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THE LIBRARY

OF

WIT AND HUMOR.

RABELAIS.

fects of his disgrace, but afterwards received from the

Cardinal of Lorraine the curacy of Meudon, which he (Francois RABELA IS was born in 1483 (or according held until his death. He is said to have been exemto some biographers, in 1495), at Chinon, a small town plary in life, profuse in charity, and sedulous in the in Touraine, France. His father, who combined the relief of suffering. Some wrote that Rahelais died at cultivation of a small farm, of which he was the owner, Moudon; but Dom Pierre de St. Romuald says, that with the business of an apothecary, gave his son the Dr. Guy Paton, Royal Professor at Paris, who was a best educational advantages. At an early age Francois great admirer of Rabelais, assured him that he, himself, was sent as a pupil to the abbey of Seully, and thence caused him to be brought from his cure to Paris, where to the University of Angers. Here he made the ac- he lies buried in St. Paul's Church yard, at the foot of a quaintance of Jean (afterwards Cardinal) Du Bellay, to great tree still to be seen. He died in a house in the whose friendship he was subsequently much indebted. Street called La Rue des Jardins, in St. Paul's Parish at At the request of his father, Rabelais entered the priest- Paris about the year 1553, aged serenty years. hood, becoming first a brother of the Franciscan con- The following is his Epitaph written by his contemvent of Fontenay le Comte, in 1519. He now began to porary, Baif : display that enthusiasm for study which made him per

Pluton, prince du noir Empiro, haps the most erudite man of his age. His studies em

Où les tiens ne rient jamais, braced the whole range of the sciences, especially

Recois aujourd'huy Rabelais, me licine, and a mastery of the Latin, Greek, Italian,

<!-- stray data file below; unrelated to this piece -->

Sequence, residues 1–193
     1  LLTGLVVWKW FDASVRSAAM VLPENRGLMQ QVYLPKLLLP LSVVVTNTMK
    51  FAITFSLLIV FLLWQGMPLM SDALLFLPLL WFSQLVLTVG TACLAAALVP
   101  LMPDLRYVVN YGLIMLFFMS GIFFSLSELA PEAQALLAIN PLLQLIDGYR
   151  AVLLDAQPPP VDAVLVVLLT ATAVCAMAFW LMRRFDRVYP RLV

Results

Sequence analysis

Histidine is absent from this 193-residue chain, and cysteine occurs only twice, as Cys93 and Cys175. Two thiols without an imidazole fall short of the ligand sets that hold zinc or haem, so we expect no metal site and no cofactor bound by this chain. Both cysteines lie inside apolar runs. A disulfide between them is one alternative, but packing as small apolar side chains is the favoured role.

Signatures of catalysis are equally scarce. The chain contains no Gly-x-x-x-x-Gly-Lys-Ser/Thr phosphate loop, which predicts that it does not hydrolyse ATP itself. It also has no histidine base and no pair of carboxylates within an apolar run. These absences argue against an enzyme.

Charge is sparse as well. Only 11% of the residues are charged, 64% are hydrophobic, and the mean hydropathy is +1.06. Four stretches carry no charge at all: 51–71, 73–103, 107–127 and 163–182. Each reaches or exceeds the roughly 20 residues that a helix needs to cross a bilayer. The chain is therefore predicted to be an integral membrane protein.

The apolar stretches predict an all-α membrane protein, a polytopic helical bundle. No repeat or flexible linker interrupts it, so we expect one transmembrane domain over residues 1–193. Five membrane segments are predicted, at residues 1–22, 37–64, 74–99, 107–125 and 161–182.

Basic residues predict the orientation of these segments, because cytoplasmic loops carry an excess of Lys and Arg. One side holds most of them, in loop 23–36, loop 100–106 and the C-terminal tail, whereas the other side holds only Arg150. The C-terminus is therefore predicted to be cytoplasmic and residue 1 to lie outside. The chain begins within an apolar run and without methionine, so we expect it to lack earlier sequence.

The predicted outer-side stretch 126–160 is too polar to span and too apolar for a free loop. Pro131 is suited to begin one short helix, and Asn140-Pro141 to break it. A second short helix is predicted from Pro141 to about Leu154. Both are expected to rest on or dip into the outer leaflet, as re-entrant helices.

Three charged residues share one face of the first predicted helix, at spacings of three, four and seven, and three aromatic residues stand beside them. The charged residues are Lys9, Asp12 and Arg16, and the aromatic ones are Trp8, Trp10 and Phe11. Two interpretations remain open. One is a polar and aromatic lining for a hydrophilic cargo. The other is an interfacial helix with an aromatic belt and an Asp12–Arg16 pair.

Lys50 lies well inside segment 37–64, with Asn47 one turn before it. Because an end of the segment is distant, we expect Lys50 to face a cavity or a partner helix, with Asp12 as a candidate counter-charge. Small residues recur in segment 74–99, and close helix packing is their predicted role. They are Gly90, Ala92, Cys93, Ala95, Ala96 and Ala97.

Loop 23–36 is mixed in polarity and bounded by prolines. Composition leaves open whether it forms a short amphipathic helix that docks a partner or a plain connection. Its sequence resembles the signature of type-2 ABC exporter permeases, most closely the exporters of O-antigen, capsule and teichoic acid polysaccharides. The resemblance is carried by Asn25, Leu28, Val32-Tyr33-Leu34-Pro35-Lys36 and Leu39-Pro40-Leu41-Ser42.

Et les tiens auront, de quoy rire. Spanish, German English, Hebrew, and Arabic languages. His learning, however, provoked the jealousy and hatred of the monks, who suspected that his

The scientific works of Rabelais are forGreek was a cover for heresy. On one occasion, in gotten; but bis romance of Gargantua and 1523, his cell was searched for suspicious books, and to Pantagruel ranks as one of the world's mas. avoid severer persecution he fled. His wit and learn. terpieces of humor and grotesque invention. ing having gained him influential friends, he obtained “In the form of a sportive and extrava. by their exertions a papal indulgence authorizing his gant fiction, it is, in fact, a satirical crititravsfer from the order of St. Francis to that of st. cism of the corrupt society of the period, Benedict, upon which he became an inmate of the the prevalent follies and vices of which are monastery of Maillezay. Here his condition appears parodied with surprising effect and ingenu. to have been little improved; for after a few

ity;" abruptly quitted the monastery without ecclesiastical

'The work of Rabelais,” says Leigh sanction. In 1530, he settled at Montpellier, and, tak- Hunt, “is a wild but profound burlesque ing a degree in medicine at the University, was ap- 1 of some of the worst abuses in government pointed a lecturer therein. At Lyons, whither he and religion; and it has had a correspondwent as hospital physician in 1532, he published several works on medical science, archæology, jurisprudence

, ing effect on the feeling, or unconscious etc. In 1534, he accompanied Du Bellay to Rome, as

reasonings of the world. This must be its travelling physician. He obtained from Pope Paul III.

excuse for a coarseness which was perhaps on the occasion, a remission of the penalties attached its greatest recommendation in the good old to his monastic misdemeanor, with permission to return

times,' though at present one is astonished to the order of St. Benedict. He continued, however, how people could bear it. Rabelais' combito practice medicine at Montpellier and elsewhere until nation of work and play, of merriment and 1538, when he became canon of Du Bellay's abbey of study, of excessive animal spirits and St. Maur des Fosses, near Paris. On Cardinal Du Bel- prodigious learning would be a perpetual lay's loss of influence, Rabelais at first shared the ef- ! marvel, if we did not reflect that nothing is VOL. II.-W, H.

1

years he

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